Millwall football fans are well known for their defiant chant “No one likes us — we don’t care”. I’m reminded of this terrace song when I meet Ed Balls’s supporters.
The former schools secretary is reviled by the press and disliked by the public, but his many fans persist in the belief that Balls is the man to return Labour to government.
While the next Labour leader is still likely to be a Miliband, it would be foolish to write Balls off at this stage. As Mike Smithson points out in today’s Guardian, his popularity with the trade union movement could yet see him emerge as the victor.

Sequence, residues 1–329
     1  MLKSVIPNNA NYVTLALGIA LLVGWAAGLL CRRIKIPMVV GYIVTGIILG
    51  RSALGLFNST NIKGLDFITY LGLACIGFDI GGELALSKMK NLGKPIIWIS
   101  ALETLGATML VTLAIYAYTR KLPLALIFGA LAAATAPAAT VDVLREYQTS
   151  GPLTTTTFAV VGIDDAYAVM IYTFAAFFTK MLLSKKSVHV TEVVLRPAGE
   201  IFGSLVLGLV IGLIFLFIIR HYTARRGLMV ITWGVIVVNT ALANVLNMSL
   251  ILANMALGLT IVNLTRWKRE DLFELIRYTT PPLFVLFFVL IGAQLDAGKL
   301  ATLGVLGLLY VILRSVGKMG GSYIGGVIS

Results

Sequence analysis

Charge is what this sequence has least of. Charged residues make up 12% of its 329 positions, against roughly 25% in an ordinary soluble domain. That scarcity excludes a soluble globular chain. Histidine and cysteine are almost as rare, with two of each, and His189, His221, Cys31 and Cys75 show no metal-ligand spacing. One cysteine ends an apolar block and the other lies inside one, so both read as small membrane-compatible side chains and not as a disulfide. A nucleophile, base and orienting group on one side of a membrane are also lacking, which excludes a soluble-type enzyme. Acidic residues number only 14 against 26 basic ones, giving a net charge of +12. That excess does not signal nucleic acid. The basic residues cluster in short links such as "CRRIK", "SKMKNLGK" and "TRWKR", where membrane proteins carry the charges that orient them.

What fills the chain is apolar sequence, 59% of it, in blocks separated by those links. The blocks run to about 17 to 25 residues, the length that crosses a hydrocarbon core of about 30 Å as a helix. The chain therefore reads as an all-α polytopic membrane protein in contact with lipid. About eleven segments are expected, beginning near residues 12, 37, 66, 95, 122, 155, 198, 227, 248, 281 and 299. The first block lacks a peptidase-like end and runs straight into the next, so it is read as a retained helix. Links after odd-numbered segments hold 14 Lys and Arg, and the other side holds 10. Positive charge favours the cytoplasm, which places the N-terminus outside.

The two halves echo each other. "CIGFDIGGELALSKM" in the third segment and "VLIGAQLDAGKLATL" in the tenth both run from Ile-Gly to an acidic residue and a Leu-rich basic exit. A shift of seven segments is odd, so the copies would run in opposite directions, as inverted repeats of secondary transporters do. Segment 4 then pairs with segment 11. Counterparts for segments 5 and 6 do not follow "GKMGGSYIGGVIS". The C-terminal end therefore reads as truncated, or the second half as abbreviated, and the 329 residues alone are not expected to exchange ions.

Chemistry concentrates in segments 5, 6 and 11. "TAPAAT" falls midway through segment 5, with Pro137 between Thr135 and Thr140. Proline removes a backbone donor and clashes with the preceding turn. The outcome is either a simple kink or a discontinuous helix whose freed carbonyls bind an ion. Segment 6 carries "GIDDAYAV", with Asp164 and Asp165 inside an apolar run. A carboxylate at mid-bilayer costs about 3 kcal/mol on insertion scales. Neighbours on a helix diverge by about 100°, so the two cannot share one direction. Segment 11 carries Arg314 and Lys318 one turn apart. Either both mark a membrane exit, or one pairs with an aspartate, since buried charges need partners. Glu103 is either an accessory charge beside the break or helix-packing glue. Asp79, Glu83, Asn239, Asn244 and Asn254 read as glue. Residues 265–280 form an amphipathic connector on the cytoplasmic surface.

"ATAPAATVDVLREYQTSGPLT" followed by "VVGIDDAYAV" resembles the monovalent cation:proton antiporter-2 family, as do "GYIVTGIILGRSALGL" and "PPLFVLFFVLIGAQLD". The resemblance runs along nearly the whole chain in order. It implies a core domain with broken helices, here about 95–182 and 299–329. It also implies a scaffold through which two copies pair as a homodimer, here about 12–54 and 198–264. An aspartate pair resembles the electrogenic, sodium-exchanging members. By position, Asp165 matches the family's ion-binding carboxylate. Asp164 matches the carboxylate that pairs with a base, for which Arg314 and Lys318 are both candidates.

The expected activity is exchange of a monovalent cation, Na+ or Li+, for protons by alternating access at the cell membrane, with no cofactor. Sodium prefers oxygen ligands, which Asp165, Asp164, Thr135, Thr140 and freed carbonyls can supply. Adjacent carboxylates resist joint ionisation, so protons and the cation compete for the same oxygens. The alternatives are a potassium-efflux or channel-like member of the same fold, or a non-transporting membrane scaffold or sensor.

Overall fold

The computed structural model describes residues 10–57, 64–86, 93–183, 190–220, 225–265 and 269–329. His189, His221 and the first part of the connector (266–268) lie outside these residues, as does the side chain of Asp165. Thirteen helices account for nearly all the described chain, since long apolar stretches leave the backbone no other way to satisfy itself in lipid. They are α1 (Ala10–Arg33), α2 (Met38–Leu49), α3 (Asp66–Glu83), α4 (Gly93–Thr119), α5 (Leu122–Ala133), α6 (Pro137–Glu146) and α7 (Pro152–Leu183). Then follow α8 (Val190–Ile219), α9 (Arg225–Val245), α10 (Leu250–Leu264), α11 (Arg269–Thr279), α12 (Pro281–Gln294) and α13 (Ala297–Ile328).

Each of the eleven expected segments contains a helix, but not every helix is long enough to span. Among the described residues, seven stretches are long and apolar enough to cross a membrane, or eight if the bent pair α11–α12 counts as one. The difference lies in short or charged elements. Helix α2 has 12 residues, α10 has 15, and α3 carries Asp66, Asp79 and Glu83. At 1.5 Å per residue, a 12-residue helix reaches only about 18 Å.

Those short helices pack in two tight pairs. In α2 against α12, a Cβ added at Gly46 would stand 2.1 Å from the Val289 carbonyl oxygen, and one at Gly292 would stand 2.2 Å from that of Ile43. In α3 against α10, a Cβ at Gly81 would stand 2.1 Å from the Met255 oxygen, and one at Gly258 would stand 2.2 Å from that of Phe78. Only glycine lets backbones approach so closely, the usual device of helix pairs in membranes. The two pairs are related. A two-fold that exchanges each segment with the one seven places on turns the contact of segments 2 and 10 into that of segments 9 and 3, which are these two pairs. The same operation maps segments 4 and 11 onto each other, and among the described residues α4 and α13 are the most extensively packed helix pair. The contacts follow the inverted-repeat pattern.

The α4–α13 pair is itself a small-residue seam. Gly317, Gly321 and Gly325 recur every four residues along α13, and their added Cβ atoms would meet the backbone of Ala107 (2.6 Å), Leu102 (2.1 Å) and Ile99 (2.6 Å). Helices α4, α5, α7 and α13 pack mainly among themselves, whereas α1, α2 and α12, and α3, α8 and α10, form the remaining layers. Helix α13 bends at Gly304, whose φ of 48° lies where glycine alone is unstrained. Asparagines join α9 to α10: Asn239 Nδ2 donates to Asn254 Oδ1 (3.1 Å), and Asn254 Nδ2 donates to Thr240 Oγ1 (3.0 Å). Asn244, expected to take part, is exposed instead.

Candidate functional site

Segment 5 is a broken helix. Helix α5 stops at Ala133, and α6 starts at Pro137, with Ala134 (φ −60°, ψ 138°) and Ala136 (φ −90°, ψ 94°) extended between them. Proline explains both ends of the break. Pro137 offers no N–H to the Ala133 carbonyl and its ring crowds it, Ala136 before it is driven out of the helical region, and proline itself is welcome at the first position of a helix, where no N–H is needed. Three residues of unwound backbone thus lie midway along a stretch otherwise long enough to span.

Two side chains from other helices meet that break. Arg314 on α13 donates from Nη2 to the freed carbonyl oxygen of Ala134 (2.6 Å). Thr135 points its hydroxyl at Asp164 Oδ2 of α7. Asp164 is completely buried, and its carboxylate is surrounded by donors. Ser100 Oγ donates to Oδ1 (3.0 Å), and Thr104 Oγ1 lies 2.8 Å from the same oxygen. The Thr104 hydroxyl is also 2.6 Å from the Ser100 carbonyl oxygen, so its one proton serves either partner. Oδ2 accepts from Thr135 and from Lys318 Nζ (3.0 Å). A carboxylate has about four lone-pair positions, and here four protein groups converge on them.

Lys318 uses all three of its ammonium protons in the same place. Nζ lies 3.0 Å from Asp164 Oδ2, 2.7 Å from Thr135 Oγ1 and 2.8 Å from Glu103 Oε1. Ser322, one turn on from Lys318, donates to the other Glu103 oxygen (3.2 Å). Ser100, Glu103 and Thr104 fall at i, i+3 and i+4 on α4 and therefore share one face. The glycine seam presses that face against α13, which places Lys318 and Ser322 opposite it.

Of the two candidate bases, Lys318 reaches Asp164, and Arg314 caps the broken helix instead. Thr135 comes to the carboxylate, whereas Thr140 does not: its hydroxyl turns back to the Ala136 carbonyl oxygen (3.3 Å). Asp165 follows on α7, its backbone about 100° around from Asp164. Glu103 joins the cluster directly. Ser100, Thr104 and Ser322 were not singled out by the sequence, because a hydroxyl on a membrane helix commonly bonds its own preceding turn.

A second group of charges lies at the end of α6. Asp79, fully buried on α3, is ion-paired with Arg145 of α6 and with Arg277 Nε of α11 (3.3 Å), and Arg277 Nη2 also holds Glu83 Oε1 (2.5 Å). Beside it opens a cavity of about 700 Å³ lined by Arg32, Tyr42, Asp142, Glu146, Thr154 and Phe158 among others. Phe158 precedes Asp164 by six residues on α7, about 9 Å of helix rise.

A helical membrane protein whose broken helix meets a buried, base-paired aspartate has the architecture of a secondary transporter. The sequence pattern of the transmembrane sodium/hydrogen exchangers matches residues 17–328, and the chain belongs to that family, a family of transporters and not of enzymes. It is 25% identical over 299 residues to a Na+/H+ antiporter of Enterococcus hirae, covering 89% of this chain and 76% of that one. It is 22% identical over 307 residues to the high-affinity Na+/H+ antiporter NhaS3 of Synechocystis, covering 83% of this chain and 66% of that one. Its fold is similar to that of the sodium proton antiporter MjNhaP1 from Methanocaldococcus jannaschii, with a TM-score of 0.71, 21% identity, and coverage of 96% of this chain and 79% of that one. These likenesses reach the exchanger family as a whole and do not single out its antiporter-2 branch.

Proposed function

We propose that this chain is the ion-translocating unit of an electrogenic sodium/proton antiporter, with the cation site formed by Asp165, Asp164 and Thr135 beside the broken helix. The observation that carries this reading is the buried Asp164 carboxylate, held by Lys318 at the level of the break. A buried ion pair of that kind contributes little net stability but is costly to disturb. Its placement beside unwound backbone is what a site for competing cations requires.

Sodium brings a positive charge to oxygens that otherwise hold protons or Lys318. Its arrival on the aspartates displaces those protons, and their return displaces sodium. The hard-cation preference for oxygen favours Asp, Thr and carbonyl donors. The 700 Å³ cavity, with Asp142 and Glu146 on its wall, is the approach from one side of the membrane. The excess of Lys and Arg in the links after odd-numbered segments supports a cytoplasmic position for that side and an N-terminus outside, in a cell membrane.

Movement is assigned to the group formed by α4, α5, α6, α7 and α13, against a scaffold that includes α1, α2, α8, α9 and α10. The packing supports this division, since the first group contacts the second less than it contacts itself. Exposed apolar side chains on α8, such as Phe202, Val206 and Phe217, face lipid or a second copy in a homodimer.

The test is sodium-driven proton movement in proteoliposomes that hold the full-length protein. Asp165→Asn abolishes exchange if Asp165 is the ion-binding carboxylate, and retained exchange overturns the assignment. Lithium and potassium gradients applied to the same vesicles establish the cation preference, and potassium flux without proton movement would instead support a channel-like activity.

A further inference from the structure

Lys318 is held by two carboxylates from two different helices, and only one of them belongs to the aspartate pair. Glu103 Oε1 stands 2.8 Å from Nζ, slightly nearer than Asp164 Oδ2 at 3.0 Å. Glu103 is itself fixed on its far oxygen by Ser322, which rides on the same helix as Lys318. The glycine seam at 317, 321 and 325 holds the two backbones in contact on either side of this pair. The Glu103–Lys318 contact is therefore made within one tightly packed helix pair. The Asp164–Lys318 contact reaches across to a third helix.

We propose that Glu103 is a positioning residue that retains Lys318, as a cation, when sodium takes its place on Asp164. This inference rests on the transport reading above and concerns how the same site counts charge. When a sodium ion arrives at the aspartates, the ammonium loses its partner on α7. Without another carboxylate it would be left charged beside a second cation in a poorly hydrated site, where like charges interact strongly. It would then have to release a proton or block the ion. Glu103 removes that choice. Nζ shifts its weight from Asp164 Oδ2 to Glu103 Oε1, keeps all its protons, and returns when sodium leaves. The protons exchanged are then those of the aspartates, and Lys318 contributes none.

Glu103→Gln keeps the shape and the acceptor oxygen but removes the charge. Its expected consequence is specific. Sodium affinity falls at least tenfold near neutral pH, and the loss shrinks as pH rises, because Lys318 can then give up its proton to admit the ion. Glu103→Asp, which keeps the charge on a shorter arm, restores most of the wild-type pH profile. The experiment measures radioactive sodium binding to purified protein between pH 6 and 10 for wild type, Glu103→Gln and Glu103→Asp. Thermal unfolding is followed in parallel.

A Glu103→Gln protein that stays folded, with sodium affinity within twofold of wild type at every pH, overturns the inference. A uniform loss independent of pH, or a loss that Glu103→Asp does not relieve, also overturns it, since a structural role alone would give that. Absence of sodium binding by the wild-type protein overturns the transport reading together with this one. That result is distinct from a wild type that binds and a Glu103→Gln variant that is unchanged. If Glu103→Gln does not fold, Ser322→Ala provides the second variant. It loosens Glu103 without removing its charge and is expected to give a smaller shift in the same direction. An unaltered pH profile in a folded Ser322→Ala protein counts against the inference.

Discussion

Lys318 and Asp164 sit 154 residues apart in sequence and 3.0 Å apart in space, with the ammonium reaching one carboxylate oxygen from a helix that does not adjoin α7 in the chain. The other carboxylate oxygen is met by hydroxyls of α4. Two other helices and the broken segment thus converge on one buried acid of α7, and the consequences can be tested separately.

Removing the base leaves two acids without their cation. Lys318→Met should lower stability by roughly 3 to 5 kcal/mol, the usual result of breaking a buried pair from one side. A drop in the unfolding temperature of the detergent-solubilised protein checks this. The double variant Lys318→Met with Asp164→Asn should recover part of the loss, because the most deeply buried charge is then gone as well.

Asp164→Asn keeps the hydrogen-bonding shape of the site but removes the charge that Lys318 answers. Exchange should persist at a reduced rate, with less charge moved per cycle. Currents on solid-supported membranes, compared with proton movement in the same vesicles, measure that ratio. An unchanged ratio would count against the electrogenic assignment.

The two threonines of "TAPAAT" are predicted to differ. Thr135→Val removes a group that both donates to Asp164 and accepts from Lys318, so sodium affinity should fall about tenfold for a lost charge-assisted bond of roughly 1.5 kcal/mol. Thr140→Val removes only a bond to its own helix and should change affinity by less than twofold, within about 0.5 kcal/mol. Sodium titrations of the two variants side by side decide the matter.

Balls was his usual pugnacious self at last night’s New Statesman Labour leadership debate, but he lacked the lightness of touch and self-deprecation that a leader requires. These defects were captured in one highly revealing exchange with Ed Miliband.
After a particularly verbose answer from Balls, Miliband quipped: “It’s like being back in the Treasury.” To which Balls humourlessly replied: “Tell us the answer then, Ed, like you normally do.”
I can understand why many Labour activists would relish a Balls victory. He would take the fight to the Tories and the right-wing media in a manner few could match. But these qualities, though admirable, are not sufficient to return Labour to government.